List of British Resident Ministers in Nepal

From Wikipedia, the free encyclopedia
Jump to navigation Jump to search

A Resident of the British Empire was a government official required to take up permanent residence in another country. A representative of his government, he officially had diplomatic functions which are often seen as a form of indirect rule. From 1802 to 1923 there were twenty British residents in Nepal[1][2][3] who directly or indirectly played a significant role in the Nepalese politics. The establishment of the British Residency in Nepal is seen as a direct effect of the eighth point of the Sugauli Treaty between the Kingdom of Nepal and the East India Company in 1816. The title of Resident was officially changed to Envoy after the Nepal–Britain Treaty of 1923.

For British representatives in Nepal since 1924, see: List of ambassadors of the United Kingdom to Nepal.

List of Residents[edit]

Name Portrait Tenure
William Hunter Douglas Knox 1802–1803
Vacant 1803–1816
John Peter Boileau (acting) 1816
Edward Gardner 1816–1829
Brian Houghton Hodgson[4] Brian Houghton Hodgson by Louisa Starr-Canziani.jpg 1829–1831
Thomas Herbert Maddock 1831–1833
Brian Houghton Hodgson Brian Houghton Hodgson by Louisa Starr-Canziani.jpg 1833–1843
Henry Montgomery Lawrence Henry Montgomery Lawrence - Project Gutenberg eText 16528.jpg 1843–1845
John Russell Colvin 1845–1847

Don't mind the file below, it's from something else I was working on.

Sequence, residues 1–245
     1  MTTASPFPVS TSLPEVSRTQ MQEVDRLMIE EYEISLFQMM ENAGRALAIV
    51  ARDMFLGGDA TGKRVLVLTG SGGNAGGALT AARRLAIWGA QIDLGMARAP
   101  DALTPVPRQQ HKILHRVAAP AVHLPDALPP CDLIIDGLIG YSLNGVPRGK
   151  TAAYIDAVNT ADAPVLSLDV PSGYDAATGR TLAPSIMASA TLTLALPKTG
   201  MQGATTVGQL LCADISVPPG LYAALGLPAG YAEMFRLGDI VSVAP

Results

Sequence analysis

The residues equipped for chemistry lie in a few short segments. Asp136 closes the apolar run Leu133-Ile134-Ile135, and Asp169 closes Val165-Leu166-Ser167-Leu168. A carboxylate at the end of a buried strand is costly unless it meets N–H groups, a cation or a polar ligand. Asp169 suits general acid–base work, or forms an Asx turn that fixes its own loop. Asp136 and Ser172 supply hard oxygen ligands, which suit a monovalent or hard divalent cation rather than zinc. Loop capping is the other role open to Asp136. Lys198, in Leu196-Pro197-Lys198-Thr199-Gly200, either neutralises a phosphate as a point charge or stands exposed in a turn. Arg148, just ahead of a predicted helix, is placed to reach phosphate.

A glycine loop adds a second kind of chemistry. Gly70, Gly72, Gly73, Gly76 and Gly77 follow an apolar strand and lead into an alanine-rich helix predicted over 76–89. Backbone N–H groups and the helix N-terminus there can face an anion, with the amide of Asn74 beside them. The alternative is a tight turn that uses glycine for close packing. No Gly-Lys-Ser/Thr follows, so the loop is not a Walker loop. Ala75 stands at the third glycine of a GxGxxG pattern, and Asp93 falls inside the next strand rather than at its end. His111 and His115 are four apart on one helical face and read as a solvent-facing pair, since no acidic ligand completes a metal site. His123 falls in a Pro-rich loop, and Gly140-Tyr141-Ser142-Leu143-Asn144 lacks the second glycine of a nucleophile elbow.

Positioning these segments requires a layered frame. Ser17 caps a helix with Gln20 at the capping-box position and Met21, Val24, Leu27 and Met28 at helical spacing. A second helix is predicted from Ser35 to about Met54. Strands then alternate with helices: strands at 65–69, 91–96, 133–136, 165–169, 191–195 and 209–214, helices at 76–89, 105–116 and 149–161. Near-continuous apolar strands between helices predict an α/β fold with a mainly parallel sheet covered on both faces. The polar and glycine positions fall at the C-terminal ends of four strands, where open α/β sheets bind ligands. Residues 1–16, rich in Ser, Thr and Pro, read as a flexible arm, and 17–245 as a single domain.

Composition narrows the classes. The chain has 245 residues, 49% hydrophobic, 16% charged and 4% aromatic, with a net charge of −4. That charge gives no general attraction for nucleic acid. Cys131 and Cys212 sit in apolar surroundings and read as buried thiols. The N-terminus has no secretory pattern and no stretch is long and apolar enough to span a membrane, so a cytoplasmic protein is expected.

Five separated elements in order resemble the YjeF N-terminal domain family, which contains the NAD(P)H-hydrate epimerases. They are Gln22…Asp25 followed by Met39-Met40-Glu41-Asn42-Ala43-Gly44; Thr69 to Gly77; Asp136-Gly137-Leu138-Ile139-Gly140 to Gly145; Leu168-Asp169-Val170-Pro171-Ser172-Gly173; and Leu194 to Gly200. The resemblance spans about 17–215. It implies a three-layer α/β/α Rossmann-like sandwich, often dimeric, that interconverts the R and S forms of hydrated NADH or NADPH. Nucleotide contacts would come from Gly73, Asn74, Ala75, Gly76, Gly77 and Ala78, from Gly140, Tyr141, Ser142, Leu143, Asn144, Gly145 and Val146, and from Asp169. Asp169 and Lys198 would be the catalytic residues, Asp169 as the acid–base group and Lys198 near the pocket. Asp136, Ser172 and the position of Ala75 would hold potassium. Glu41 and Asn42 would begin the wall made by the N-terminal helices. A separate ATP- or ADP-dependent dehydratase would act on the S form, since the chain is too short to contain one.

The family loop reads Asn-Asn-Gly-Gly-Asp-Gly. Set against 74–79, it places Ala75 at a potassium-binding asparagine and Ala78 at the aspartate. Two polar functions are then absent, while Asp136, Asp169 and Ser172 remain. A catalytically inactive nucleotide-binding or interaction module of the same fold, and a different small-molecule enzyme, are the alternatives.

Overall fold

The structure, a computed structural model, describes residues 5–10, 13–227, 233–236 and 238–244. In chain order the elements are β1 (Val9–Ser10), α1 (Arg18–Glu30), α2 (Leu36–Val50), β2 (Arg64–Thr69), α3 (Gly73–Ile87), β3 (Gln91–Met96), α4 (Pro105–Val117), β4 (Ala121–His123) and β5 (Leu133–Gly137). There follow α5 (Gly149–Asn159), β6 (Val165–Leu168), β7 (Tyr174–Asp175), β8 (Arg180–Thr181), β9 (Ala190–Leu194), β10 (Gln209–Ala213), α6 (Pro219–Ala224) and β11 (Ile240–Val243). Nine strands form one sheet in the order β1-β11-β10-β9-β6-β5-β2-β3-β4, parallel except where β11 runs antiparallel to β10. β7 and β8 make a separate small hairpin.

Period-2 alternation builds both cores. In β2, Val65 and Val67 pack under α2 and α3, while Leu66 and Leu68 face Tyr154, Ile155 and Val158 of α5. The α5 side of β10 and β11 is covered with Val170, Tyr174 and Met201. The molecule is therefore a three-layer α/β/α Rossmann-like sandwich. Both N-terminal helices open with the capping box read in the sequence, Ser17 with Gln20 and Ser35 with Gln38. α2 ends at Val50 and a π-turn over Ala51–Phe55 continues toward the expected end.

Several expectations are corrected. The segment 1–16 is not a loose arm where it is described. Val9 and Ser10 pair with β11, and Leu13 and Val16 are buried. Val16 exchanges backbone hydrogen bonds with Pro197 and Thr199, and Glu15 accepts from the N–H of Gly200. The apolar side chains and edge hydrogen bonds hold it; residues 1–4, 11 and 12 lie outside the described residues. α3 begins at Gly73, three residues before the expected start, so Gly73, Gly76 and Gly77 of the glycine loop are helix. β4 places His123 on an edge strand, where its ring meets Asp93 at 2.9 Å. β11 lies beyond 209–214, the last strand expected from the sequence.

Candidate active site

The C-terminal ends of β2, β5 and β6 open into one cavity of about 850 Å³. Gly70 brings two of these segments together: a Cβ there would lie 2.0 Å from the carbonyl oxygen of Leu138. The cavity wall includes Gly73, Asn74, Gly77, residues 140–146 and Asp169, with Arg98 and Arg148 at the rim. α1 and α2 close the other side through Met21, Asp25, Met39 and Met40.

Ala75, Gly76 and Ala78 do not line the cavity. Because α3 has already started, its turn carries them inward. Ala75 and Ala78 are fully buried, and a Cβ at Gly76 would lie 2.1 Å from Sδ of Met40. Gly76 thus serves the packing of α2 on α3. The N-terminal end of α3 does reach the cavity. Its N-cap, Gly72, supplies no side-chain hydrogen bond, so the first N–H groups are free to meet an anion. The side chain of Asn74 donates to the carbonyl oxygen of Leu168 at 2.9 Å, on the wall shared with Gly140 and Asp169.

Charles Thoresby 1847–1850
James Claudius Erskine 1850–1852
George Ramsay 1852–1867
Richard Charles Lawrence 1867–1872
Charles Edward Ridgway Girdlestone 1872–1888
Edward Law Durand 1888–1891
Henry Wylie 1891–1899
Archibald Mungo Muir 1899
William Loch 1899–1901
Thomas Caldwell Pears 1901–1902
Charles Withers Ravenshaw 1902–1905
John Manners Smith 1905–1916
Steuart Farquharson Bayley 1916–1918
William Frederick Travers 1918–1923

See also[edit]

References[edit]

  1. ^ Regmi, Jagdishchandra (2045 B.S.). Nepal ko Itihash. Kathmandu: Sajha Prakashan. p. 135. Check date values in: |year= (help)
  2. ^ Acharya, Baburam (2000). Aba Esto Kailei Nahos. Kathmandu: Sajha Prakashan.
  3. ^ Nepal, Residents. "Residents of Nepal". Nepalese history. World Statesmen.
  4. ^ Yadav, Pitambar Lal (2053 B.S.). Nepal ko rajnaitik itihas. Benaras: Modern Deepak Press. p. 139. Check date values in: |year= (help)

External links[edit]